An update on the latest pressure sensitive adhesives used to attach medical devices and dressings to the skin without causing tenderness or discomfort
By Dr. Jim Jian-Ling Ding, Vice President - Global Technology Scapa Group plc
Geriatric, neonatal, and diabetic populations are rapidly increasing. In response to this trend, the adhesive industry has been challenged to develop medical grade pressure sensitive adhesive (PSA) systems that bond securely yet gently to extremely sensitive or fragile skin for continuous long-term wear. The most demanding applications for PSAs include wounds such as burns that involve tissue loss, wounds caused by abrasions or chronic diseases (for example, diabetic ulcers or pressure sores), and wounds such as skin graft donor sites.
Traditional acrylic and rubber-based adhesives offer good adhesion to the skin, sometimes bonding so aggressively that they cause surface irritation
and discomfort upon removal. The strength of the adhesive strips surface
skin cells off upon removal. Over long-term wear, ripping, tearing and tugging can inflame the wound area and diminish critical healing agents.
Skin can become sensitive to and irritated by the chemicals found in both rubber and acrylic adhesives. As most acrylic and rubber-based adhesive products do not withstand exposure to moisture, skin may become macerated over long-term wear as a result of excess moisture build-up beneath the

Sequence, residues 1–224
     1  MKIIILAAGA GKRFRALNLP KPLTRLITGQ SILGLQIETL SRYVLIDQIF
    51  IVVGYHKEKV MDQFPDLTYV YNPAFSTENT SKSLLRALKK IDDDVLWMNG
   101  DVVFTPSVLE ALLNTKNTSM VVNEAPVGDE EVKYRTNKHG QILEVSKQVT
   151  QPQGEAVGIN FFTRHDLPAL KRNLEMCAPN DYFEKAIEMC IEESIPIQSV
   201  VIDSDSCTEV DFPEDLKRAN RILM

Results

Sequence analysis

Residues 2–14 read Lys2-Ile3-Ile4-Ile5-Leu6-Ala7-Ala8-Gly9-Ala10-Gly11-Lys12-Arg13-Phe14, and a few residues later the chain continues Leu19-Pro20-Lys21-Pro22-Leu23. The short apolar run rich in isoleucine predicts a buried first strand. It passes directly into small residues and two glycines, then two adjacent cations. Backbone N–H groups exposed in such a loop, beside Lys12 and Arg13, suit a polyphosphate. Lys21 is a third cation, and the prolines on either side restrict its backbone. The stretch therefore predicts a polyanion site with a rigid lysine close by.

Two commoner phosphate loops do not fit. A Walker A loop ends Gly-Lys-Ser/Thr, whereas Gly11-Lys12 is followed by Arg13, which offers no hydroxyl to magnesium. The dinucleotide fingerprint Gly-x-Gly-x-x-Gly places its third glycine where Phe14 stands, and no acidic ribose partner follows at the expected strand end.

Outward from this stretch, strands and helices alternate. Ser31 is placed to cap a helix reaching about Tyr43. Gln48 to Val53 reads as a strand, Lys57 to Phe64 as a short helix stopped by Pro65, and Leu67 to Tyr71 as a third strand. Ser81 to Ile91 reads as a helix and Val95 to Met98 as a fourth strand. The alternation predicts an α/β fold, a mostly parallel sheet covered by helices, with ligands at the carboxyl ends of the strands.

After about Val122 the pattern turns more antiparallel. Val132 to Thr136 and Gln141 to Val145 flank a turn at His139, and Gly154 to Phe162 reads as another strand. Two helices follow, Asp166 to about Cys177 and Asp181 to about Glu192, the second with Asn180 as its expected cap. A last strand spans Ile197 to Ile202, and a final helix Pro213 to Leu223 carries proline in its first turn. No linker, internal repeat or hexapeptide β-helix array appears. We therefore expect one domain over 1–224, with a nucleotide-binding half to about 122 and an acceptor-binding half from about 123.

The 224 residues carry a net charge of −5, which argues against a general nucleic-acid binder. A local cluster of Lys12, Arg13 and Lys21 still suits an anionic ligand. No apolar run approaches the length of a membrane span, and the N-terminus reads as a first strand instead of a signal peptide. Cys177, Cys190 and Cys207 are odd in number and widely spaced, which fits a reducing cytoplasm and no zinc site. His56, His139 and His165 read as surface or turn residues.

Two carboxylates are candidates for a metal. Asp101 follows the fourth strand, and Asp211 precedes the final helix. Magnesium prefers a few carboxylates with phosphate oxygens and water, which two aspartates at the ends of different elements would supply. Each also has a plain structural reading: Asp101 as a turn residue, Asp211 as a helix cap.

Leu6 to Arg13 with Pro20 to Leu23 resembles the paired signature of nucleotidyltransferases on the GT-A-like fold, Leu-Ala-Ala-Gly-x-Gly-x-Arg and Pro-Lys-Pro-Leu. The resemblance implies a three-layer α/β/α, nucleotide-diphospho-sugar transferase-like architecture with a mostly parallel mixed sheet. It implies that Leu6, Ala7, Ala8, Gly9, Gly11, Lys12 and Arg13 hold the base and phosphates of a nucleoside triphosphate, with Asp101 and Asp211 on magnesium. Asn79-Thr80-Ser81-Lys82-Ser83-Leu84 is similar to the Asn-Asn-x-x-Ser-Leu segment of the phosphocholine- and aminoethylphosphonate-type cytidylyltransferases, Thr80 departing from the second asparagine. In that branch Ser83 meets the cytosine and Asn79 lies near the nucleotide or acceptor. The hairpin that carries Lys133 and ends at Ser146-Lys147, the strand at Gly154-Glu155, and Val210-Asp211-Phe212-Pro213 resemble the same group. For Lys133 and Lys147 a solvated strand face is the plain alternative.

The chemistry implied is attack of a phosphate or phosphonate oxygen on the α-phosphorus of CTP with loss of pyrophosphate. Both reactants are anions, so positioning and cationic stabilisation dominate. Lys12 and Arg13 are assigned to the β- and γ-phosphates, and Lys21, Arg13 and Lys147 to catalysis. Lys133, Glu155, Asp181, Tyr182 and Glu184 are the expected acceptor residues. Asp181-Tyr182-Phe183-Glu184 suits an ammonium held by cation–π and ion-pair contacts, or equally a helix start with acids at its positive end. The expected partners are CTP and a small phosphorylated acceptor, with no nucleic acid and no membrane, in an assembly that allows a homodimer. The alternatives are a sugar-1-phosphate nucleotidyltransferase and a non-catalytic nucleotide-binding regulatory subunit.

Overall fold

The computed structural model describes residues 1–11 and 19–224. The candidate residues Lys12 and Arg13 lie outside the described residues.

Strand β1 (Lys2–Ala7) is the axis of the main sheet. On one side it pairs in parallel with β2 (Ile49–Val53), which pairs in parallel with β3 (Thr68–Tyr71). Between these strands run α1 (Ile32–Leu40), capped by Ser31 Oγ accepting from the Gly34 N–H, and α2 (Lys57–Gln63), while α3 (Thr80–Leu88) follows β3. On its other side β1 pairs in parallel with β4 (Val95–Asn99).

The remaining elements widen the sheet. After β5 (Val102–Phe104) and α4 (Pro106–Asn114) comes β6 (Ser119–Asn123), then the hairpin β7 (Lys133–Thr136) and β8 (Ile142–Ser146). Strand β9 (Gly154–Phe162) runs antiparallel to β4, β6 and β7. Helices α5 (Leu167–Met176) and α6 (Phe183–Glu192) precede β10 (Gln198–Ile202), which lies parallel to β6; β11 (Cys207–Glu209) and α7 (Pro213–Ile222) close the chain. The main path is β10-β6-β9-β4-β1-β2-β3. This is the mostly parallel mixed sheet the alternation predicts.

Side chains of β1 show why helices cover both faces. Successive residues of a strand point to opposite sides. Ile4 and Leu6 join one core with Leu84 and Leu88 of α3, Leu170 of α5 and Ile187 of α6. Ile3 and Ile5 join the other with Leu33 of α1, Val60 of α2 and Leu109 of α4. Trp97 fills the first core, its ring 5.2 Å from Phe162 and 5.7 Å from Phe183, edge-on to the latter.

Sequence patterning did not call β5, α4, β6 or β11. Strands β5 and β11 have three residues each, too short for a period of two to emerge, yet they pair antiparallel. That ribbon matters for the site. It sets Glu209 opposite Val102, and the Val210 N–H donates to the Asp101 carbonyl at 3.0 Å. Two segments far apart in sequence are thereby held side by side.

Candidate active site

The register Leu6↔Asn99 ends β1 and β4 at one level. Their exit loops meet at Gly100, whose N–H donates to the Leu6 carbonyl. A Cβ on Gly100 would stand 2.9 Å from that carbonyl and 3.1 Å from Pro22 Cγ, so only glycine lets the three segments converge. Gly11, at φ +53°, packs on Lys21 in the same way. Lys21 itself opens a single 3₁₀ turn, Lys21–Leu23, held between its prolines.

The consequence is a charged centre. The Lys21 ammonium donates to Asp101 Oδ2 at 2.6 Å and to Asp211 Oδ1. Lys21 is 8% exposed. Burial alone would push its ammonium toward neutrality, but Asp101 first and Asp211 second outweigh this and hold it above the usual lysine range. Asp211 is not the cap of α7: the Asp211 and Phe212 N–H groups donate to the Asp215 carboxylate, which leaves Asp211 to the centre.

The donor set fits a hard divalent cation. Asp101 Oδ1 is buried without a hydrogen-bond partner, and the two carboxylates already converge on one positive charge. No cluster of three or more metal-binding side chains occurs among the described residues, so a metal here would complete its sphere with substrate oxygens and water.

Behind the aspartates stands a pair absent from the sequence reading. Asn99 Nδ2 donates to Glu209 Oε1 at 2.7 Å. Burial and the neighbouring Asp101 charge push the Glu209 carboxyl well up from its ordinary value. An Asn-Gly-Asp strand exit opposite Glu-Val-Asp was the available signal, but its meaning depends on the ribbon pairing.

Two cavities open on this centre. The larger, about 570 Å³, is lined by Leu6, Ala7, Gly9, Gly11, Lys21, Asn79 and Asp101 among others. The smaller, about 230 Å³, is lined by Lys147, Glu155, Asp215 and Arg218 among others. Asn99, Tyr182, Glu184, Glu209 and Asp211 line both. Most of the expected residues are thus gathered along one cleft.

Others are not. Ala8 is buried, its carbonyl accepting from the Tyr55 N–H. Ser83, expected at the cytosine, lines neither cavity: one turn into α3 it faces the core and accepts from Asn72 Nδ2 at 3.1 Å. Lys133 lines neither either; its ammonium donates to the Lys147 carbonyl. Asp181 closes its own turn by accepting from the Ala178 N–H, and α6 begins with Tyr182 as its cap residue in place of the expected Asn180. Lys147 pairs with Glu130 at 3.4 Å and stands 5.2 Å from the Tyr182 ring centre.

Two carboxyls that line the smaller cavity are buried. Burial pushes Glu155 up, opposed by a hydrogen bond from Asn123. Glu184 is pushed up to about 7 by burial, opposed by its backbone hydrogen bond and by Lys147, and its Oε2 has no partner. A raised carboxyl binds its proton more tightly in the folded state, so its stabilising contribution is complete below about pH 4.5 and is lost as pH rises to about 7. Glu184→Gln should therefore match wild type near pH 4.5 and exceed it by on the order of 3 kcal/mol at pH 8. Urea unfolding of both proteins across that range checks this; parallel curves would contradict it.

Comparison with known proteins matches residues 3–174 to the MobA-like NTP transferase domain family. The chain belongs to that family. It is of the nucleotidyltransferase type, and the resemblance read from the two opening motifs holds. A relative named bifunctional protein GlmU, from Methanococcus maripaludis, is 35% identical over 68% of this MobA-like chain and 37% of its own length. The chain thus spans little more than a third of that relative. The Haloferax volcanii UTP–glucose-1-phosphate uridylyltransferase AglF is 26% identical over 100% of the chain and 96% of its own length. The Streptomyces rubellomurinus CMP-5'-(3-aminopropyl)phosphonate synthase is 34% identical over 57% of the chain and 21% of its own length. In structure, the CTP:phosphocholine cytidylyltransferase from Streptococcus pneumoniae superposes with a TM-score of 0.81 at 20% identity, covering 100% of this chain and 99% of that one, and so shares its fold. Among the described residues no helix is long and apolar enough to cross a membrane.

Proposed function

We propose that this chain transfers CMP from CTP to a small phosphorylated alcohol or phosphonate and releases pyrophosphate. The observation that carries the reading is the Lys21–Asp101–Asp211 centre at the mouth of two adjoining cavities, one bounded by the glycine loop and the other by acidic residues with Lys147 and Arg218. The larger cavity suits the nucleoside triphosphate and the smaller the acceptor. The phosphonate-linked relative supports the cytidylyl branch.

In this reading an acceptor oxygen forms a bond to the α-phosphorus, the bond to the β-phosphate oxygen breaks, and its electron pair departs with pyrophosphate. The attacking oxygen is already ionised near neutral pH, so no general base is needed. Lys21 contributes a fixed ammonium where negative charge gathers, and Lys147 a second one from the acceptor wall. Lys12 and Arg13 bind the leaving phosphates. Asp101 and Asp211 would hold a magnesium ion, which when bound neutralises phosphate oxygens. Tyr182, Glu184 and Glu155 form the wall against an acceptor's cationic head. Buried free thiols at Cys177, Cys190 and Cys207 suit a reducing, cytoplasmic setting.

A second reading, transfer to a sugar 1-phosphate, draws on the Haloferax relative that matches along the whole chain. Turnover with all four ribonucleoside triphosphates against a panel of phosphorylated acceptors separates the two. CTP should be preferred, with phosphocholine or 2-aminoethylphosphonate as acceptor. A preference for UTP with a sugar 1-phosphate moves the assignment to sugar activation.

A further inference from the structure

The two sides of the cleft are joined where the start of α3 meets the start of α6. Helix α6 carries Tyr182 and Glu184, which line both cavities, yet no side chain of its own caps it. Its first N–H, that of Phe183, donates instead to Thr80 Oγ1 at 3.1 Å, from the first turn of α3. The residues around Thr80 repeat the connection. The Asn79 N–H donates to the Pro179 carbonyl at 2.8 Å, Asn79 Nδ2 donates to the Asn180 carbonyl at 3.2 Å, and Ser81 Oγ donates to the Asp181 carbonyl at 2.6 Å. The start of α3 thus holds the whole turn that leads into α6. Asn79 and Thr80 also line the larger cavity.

New silicone gel technology
Pressure sensitive silicone gel adhesive technology is revolutionizing sensitive skin care and meeting the challenges associated with today's direct skin applications. These soft, water-resistant adhesives gently bond to the skin.
Non-irritating and conformable, silicone gel adhesives are used for neonatal care, medical device attachment, wound care, skin therapy, and hypertrophic scar management.
Silicone gel is a man-made polymeric material made up of silicone- polydimethyl siloxane. Its unique chemical composition results in a soft gel- like physical form and its hydrophobic properties ensure stable adhesion.
Given the presence of moisture in many medical applications, this is a critical advantage of silicone gel technology.
While silicone gel is tacky to the touch, it is very easy to remove and does not leave adhesive residue on most substrates. Due to its very low surface tension and excellent ability to flow and wet-out, silicone gel conforms to the uneven micro-surface of the skin, filling minute gaps and delivering a much broader contact area than traditional adhesives. It adheres to skin securely, forming an immediate bond even on contoured areas of the body.
Silicone gel does not form a permanent bond. Its fundamental softness and pliability allow it to be easily and cleanly removed without trauma, no matter how long it's been on the skin's surface. Skin cells will not lift off when the adhesive is removed, a factor that can damage the skin after repeated removal. Silicone gel does not lose adhesion when removed from the skin, so devices and dressings utilizing these adhesives can be washed with water, air dried, and reused if necessary.